Location: Mecklenburg County VA

Tutelo Indians

Tutelo Tribe: Significance unknown but used by the Iroquois, who seem to have taken it from some southern tongue. Also called: Kattera, another form of Tutelo. Shateras, a third form of the name. Tutelo Connections. The Tutelo belonged to the Siouan linguistic family, their nearest connections being the Saponi and probably the Monacan. Tutelo Location. The oldest known town site of the Tutelo was near Salem, Va., though the Big Sandy River at one time bore their name and may have been an earlier seat. (See also North Carolina, New York, and Pennsylvania.) Tutelo History. In 1671 Fallam and Batts

Saponi Indians

Saponi Tribe: Evidently a corruption of Monasiccapano or Monasukapanough, which, as shown by Bushnell, is probably derived in part from a native term “moni seep” signifying “shallow water.” Paanese is a corruption and in no way connected with the word “Pawnee.” Saponi Connections. The Saponi belonged to the Siouan linguistic family, their nearest relations being the Tutelo. Saponi Location. The earliest known location of the Saponi has been identified by Bushnell (1930) with high probability with “an extensive village site on the banks of the Rivanna, in Albemarle County, directly north of the University of Virginia and about one-half mile

Occaneechi Indians

Occaneechi Tribe: Meaning unknown. The Botshenins, or Patshenins, a band associated with the Saponi and Tutelo in Ontario, were perhaps identical with this tribe. Occaneechi Connections. The Occaneechi belonged to the Siouan linguistic stock; their closest connections were probably the Tutelo and Saponi. Occaneechi Location. On the middle and largest island in Roanoke River, just below the confluence of the Staunton and the Dan, near the site of Clarksville, Mecklenburg County, Va. (See also North Carolina.) Occaneechi History. Edward Blande and his companions heard of them in 1650. When first met by Lederer in 1670 at the spot above mentioned,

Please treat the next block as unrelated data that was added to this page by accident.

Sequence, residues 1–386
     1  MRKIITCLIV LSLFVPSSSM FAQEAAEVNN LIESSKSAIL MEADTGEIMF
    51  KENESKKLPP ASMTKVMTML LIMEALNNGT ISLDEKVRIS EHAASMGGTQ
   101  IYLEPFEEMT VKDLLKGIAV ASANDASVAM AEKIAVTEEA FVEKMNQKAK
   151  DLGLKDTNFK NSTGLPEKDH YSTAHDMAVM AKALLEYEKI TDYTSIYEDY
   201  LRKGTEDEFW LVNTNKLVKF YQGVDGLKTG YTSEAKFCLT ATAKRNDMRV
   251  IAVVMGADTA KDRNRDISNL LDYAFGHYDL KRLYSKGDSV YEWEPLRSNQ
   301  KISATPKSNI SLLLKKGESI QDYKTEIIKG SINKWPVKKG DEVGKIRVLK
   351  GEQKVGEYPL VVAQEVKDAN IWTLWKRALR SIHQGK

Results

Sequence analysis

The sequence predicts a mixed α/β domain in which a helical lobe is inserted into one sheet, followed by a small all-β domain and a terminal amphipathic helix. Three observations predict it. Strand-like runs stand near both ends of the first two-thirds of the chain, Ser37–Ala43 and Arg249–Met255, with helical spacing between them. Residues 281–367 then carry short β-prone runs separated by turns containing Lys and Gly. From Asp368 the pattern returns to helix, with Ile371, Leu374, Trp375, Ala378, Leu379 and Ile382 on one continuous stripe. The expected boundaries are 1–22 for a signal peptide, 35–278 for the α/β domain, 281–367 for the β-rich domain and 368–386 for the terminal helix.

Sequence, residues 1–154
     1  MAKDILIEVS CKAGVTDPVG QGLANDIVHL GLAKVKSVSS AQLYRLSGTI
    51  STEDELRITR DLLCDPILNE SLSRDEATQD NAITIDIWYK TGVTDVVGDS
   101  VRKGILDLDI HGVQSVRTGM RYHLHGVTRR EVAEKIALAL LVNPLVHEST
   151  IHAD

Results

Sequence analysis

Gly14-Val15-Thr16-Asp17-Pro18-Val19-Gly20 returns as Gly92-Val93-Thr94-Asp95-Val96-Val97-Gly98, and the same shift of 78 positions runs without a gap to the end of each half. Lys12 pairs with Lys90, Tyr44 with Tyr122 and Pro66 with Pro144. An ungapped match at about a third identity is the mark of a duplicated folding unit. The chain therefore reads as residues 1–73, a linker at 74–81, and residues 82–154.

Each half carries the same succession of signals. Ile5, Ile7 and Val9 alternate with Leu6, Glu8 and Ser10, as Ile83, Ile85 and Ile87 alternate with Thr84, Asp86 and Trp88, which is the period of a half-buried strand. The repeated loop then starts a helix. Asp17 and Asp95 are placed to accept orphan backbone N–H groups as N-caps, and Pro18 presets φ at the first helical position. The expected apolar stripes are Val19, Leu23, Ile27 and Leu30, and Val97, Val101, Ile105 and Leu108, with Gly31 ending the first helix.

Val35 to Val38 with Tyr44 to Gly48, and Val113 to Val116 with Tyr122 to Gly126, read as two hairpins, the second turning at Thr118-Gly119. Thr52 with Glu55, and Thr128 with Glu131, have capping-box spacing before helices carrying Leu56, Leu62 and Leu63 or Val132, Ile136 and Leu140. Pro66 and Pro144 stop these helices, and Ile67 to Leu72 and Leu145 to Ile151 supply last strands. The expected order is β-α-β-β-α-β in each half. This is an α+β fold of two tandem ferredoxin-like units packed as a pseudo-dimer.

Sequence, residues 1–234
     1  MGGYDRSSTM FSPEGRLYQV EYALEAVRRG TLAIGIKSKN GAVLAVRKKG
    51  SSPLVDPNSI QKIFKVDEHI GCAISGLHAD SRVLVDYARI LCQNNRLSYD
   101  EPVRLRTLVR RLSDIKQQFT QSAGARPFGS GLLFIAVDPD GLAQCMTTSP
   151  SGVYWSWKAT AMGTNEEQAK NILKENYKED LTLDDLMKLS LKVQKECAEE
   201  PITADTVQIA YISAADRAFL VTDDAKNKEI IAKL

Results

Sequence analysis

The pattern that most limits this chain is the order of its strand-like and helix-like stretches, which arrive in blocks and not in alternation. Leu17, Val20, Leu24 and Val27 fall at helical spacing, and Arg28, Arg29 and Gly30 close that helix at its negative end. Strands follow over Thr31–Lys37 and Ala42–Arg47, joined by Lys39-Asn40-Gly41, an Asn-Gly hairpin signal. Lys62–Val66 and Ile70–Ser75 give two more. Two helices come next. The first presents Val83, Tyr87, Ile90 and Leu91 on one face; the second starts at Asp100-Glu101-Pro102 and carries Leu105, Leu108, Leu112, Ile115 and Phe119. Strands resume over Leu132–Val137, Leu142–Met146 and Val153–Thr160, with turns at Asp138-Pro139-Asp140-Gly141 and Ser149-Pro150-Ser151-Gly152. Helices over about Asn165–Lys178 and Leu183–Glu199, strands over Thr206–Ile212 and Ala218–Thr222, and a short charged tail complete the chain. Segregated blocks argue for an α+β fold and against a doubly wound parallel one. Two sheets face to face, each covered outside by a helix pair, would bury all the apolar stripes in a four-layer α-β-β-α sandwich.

Occaneechi Tribe

Occaneechi Indians. A small tribe of the eastern Siouan group formerly residing in south Virginia and northern North Carolina. Their history is closely interwoven with that of the Saponi and Tutelo

The Saponi and Tutelo Indians

The Tutelo and Saponi tribes must be considered together. Their history under either name begins in 1670. As already stated, Monahassanugh and Nahyssan are other forms of Yesan, the name given to themselves by the last surviving Tutelo, and which seems to have been the generic term used by all the tribes of this connection to designate them as a people. The name Saponi (Monasickapanough?) was generally limited to a particular tribe or aggregation of tribal remnants, while the Iroquois name Tutelo, Totero, or Todirich-roone, in its various forms, although commonly used by the English to designate a particular tribe,

Saponi Tribe

Saponi Indians. One of the eastern Siouan tribes, formerly living in North Carolina and Virginia, but now extinct. The tribal name was occasionally applied to the whole group of Ft Christanna tribes, also occasionally included under Tutelo. That this tribe belonged to the Siouan stock has been placed beyond doubt by the investigations of Hale and Mooney. Their language appears to have been the same as the Tutelo to the extent that the people of the two tribes could readily understand each other. Mooney has shown that the few Saponi words recorded are Siouan. Lederer mentions a war in which